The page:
Create a crossdomain file somewhere else on the server that makes sense, such as where your project exists. This will look a lot more like the original file. In fact it’s exactly the same, unless you want to change the domains that you want to allow for this specific project.




Make note as to where you are putting this file, since you will be specifying this actual xml file as the one to look at for cross domain access (ie: http://staging.site.com/project/crossdomain.xml).

Step 3:
The next 2 steps involve actually adding some as3 code and republishing.
Specify the policy file that should be loaded instead of the one in the root. This should be done before trying to actually load anything. I normally place in the document class as one of the first things that should be done.

Security.loadPolicyFile('http://staging.site.com/project/crossdomain.xml');

Don’t forget to import flash.system.Security.

Step 4:
Go to where you are trying to load the external data and create a LoaderContext instance.

var context: LoaderContext = new LoaderContext();
context.checkPolicyFile = true;

As noted from adobe’s website, what checkPolicyFile does is specifies whether a cross-domain policy file should be loaded from the loaded object’s server before beginning to load the object itself.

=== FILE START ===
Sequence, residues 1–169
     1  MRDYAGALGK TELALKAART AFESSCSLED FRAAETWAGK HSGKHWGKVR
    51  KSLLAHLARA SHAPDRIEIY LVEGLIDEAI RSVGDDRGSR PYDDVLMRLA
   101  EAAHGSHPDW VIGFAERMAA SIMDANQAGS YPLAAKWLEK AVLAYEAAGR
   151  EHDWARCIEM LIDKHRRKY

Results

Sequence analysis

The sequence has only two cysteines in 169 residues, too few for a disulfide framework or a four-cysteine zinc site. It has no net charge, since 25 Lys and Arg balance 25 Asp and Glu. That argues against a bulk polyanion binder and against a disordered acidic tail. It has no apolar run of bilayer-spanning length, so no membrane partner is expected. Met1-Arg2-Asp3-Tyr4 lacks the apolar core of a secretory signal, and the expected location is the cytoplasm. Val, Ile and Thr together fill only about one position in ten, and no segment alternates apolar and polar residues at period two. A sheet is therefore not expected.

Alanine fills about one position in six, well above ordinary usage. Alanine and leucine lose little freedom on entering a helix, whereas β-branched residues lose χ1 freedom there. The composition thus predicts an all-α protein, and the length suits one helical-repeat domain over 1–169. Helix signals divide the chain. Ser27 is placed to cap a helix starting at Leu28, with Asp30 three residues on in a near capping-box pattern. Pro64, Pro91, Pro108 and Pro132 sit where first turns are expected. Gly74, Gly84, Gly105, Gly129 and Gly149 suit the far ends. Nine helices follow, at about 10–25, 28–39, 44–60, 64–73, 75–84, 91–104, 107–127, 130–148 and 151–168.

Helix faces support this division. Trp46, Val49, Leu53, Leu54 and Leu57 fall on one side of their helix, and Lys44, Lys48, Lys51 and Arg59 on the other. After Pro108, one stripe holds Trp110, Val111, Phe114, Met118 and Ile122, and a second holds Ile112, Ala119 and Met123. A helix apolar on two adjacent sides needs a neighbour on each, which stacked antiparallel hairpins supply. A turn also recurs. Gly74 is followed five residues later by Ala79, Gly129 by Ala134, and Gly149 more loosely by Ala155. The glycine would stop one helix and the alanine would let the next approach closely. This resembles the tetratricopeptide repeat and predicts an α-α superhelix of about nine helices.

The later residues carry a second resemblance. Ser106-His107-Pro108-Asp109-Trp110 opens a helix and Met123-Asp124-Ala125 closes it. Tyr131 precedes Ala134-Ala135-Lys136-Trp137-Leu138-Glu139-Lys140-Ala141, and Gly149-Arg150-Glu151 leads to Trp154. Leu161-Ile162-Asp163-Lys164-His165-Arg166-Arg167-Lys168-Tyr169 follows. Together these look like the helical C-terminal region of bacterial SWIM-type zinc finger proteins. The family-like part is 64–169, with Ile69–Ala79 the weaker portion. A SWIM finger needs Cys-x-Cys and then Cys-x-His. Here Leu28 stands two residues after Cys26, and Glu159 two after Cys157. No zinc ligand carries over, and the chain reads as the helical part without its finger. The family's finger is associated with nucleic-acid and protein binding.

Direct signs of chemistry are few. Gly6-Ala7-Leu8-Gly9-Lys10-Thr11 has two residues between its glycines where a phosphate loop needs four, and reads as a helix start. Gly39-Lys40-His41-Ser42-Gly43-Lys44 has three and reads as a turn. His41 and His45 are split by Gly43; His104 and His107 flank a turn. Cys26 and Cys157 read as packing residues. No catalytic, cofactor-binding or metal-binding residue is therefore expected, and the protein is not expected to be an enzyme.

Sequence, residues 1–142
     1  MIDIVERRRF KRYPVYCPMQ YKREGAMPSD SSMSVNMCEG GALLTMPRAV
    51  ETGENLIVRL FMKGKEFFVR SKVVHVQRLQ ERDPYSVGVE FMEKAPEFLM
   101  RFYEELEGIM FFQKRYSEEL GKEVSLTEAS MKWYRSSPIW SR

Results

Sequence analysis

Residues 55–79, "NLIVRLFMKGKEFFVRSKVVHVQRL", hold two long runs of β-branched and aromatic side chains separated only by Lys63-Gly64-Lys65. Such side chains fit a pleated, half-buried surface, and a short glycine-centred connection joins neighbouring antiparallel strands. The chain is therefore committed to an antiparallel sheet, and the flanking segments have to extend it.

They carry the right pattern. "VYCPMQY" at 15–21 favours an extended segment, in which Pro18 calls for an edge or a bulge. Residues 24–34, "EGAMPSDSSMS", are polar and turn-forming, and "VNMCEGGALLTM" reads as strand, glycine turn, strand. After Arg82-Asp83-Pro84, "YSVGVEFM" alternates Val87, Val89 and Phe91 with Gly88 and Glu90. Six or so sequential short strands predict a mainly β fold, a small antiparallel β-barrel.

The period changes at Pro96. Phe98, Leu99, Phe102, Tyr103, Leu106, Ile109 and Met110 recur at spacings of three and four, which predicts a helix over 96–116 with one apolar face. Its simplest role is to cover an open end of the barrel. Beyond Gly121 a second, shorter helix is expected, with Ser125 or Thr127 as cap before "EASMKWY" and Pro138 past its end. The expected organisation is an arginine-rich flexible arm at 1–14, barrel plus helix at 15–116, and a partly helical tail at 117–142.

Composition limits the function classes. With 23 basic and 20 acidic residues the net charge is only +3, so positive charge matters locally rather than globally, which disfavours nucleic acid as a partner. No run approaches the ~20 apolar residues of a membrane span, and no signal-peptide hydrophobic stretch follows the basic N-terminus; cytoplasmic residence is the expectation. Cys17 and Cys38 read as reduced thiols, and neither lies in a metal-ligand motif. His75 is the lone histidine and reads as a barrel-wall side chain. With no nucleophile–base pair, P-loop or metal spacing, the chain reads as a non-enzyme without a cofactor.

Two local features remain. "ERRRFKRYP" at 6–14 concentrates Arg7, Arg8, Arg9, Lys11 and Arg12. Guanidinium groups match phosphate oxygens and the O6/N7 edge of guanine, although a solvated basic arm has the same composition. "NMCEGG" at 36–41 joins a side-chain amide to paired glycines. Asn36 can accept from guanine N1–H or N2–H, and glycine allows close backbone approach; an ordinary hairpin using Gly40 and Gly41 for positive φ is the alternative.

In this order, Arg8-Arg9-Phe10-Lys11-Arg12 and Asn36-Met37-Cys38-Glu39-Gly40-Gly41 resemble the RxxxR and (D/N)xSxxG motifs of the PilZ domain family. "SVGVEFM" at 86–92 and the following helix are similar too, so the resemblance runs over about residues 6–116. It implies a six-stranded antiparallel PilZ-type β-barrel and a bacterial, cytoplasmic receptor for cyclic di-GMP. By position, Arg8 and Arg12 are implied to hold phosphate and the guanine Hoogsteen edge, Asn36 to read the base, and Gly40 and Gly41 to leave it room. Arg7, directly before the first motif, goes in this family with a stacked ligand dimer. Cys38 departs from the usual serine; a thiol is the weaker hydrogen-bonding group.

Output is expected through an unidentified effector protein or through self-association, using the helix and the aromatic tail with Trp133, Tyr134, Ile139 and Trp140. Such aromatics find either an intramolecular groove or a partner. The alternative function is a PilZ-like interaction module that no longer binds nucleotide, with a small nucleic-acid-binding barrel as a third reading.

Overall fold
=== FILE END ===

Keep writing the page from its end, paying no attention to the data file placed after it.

Then you will pass that context as an argument when you go to actually load the file, as seen below.

imgLoader = new Loader();
iimgLoader.contentLoaderInfo.addEventListener(Event.COMPLETE, onImageLoad, false, 0, true);
imgLoader.load(new URLRequest(thumbUrl), context);

This article got me on the right foot: http://stunnedgrowth.livejournal.com/4540.html
More about LoaderContext: LoaderContext

Thoughts on Pure MVC

Recently, I used the Pure MVC framework for the first time on a project and it opened my mind to the right ways, wrong ways, and new ways to structure a project in Flash. Before I get into the pros and cons, I want want to first warn any of you that are new to using frameworks in general that there is some studying involved in order to fully wrap your mind around how this thing works. But it’s totally worth it.

Before you jump in, it’ll help if you are familiar with OOP programming basics and have an understanding of what the MVC design pattern is. When I started, I was already quite familiar with MVC pattern and decided that having a framework that laid out some rules for my programming may help in keeping the project consistent. In order for me to completely grasp this new way of thinking, I first took a look at the conceptual diagram and quickly decided that it made absolutely no sense to me. Then I read through the Framework Overview and the Best Practices PDFs multiple times and it started to finally click. The guys who put together this framework did a really good job of providing lots of examples and documentation to help you though this difficult time, so search through and give it a good honest go around before throwing you hands in the air.

After using it for a few months, here’s a summary of the advantages and disadvantages.

Pros

  • Provides structure and “rules” for programming your project